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Rediscovering Abos

Rediscovering Abos

Valletta Baroque Festival 2024


   The Abos Project & Consort



Francesca Aquilina

Maria Grazia Grech

Maria Micallef Tortell

Analise Mifsud

Nadia Vella

Bettina Zammit

Gillian Zammit


Francesca Buhagiar

Raisa Marie Micallef

Bianca Simone


Tom Armitage

Karl Cassar

Stanley Joe Portelli


Mark Bartolo

Stjanu Debono


Girolamo Abos (1715 – 1760)

Lezione terza del Giovedì Santo for Soprano and instruments, 

premiere modern concert

(sourced from the Archives of Munich)

Te Deum laudamus

premiere modern concert 

(sourced from the Girolamini Archives in Naples)

Litanie Lauretane for two voices for Soprano, Alto and instruments, 

premiere modern concert 1 

(from the Archives of Münster)

Tantum ergo for solo Soprano with violin, 

premiere modern concert 

(from the Archives of  S. Pietro a Maiella of Napoli)

Lezione terza del Giovedì Santo for Soprano and instruments 

(from the Archives of Parma)

Veni creator spiritus premiere modern concert 

(from the Girolamini Archives in Naples)

Programme Notes  

In the Roman Catholic liturgy, the readings for the first "Nocturn Matins" of the triduum sacrum (Maundy Thursday, Good Friday and Holy Saturday) consist of the lamentations of Jeremiah, or parts of the Old Testament prophetic book of the same name. Often, the lamentations are sung, which is why along with the great responsories, they are musically the most important texts of the "Tenebrae" and were set to polyphonic music by leading composers since the 15th century. A distinctive feature of these readings is the appearance of the Hebrew letters (Aleph, Beth, Ghimel) at the beginning of each verse. Indeed, in the original Hebrew, the five chapters of the lament are largely an alphabetical acrostic. Finally, each reading ends with the verse "Jerusalem, Jerusalem, convertere ad Dominum Deum tuum", which is not taken from Jeremiah but from Hosea 14:2.

Until the 1500s, many local tonalities flourished, with even obvious melodic differences.

After the Council of Trent (1545-1563), a single tonus lamentationum was officially prescribed in the Roman liturgy, i.e. one of the simplest existing formulas, structurally linked to the sixth psalm tone.

Only for the Oratio Jeremiae was it possible to use a tonus lamentationum of Spanish origin, melodically rich and ornate. In fact, this latter tone had remained alive because, despite the abolition of the old Hispanic (Mozarabic) rite in the Iberian peninsula, the custom of singing laments in the local tonus lamentationum continued in Spain throughout the Middle Ages and into the Renaissance. The chant-piano in these Hispanic keys was also used later by a large number of Spanish composers in their polyphonic scores of lamentations.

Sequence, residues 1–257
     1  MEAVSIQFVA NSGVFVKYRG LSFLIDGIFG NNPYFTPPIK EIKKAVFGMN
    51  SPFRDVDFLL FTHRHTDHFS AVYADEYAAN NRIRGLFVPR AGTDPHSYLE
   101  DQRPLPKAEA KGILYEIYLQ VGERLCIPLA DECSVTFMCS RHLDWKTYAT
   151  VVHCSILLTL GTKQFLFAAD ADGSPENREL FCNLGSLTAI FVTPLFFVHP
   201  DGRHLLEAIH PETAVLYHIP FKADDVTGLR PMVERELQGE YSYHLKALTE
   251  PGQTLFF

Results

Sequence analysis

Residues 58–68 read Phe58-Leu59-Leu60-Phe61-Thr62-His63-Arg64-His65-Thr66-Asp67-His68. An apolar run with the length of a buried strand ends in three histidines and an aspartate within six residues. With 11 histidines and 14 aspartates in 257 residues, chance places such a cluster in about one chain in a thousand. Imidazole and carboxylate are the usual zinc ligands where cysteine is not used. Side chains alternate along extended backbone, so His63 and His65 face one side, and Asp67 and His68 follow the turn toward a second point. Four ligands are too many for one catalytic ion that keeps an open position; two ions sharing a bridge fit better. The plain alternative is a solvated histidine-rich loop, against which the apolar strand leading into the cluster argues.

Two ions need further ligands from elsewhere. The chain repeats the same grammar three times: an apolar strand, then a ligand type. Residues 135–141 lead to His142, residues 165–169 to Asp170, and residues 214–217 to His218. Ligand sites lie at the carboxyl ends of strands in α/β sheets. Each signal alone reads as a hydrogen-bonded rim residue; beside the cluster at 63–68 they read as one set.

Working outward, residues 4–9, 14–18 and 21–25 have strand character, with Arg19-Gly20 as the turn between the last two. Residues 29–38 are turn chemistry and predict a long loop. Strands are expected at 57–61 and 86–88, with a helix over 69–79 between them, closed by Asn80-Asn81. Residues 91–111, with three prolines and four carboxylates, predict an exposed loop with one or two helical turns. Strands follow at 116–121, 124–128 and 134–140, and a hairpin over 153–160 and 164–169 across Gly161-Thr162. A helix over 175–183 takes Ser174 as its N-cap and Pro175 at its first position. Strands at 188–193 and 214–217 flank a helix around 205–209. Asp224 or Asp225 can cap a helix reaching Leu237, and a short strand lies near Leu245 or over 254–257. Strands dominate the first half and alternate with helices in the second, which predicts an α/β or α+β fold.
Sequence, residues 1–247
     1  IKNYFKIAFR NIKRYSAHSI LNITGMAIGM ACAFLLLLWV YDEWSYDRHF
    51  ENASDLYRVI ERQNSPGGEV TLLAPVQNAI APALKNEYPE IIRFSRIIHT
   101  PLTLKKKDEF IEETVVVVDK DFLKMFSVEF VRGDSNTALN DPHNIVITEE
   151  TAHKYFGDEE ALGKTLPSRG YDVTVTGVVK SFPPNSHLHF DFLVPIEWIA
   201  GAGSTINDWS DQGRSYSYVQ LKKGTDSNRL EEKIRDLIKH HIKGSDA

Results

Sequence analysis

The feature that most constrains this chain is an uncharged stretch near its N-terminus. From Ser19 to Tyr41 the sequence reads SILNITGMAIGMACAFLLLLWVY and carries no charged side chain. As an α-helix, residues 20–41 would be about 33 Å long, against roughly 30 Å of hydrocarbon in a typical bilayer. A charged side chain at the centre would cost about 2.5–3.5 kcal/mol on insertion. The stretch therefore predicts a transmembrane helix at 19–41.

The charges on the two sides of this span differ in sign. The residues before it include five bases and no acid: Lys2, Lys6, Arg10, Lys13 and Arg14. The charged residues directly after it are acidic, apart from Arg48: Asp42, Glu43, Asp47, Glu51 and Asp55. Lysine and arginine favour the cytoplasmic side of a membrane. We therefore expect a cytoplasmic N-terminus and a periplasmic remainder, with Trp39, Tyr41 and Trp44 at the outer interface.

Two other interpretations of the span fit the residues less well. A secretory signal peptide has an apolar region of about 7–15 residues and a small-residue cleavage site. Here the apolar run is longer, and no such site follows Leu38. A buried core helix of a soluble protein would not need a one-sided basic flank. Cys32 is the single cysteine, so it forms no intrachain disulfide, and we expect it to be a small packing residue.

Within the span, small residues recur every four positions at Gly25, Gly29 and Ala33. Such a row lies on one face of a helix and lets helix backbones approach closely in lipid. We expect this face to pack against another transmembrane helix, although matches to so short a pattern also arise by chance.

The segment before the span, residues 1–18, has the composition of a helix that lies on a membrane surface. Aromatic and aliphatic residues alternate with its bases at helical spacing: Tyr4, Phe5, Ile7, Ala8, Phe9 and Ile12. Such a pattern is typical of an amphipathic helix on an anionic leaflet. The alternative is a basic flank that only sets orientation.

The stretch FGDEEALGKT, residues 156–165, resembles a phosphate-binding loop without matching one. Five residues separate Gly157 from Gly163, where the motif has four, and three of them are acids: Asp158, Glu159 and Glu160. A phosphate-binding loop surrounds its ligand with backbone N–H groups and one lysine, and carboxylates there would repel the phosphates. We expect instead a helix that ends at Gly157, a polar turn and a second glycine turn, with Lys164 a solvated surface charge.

The main ceremony that accompanies the service is the extinguishing of candles placed on a saettia placed in the chancel. The extinguishing of the candles follows a precise order.

The first fourteen candles are extinguished after each of the nine morning psalms and the five psalms of praise, beginning with the lowest candles and extinguishing them alternately, one on the right and the other on the left. The six altar candles remain lit until the Benedictus. At the end of the Benedictus, all the other lights in the church are extinguished and the last remaining lit candle is removed from the saettia and placed behind the altar so that the light is shielded from the altar itself, and so that the office ends in total darkness.  

The “earthquake" or strepitus, which is produced by slamming books or hands against the pew, or even by stamping one's feet, symbolises the earthquake that occurred at the Lord's death, but may have originally been a signal to leave. After showing the last lit candle

to the people, it is extinguished and placed on the credence table or taken to the sacristy.

The dismissal takes place in silence.

In the wake of this tradition, we are happy to be able to present today, and for the first time in their modern performance, the two lamentations of Maundy Thursday composed in Naples by Girolamo Abos which were recently re-discovered by Marco Mencoboni. 

These two precious compositions, the first in C minor, preserved in the Biblioteca Palatina in Parma and the second in B flat major preserved in Munich.  Being written to the same text, the two compositions denote the same compositional approach to the text traditionally sung on the Thursday before Easter: the approach to the sacred word seems to break away from traditional usage, the word serving more as inspiration for the construction of rhythmic elements that chase each other in imitative style, while the soprano solo voice receives special attention in terms of lyricism and performance complexity.

In addition to the two Lamentations, we are delighted to be able to present a modern performance of Le Litanie lauretane for soprano, contralto and orchestra, preserved in manuscript in the Santini Fund in Münster and two short choral compositions preserved in the Girolamini Archives in Naples. 

As a tribute to the tireless work carried out by Dun Ġwann Azzopardi in the 1980s, we have transcribed and will perform the Tantum ergo for soprano and instruments preserved in the Library of the Conservatorio San Pietro a Majella in Naples, and a copy of which was kept by Dun Ġwann in the Mdina Archives.

26 January 2024
Tarxien Parish Church, Tarxien
€20 - €40
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Valletta Baroque Festival 2024

Rediscovering Abos

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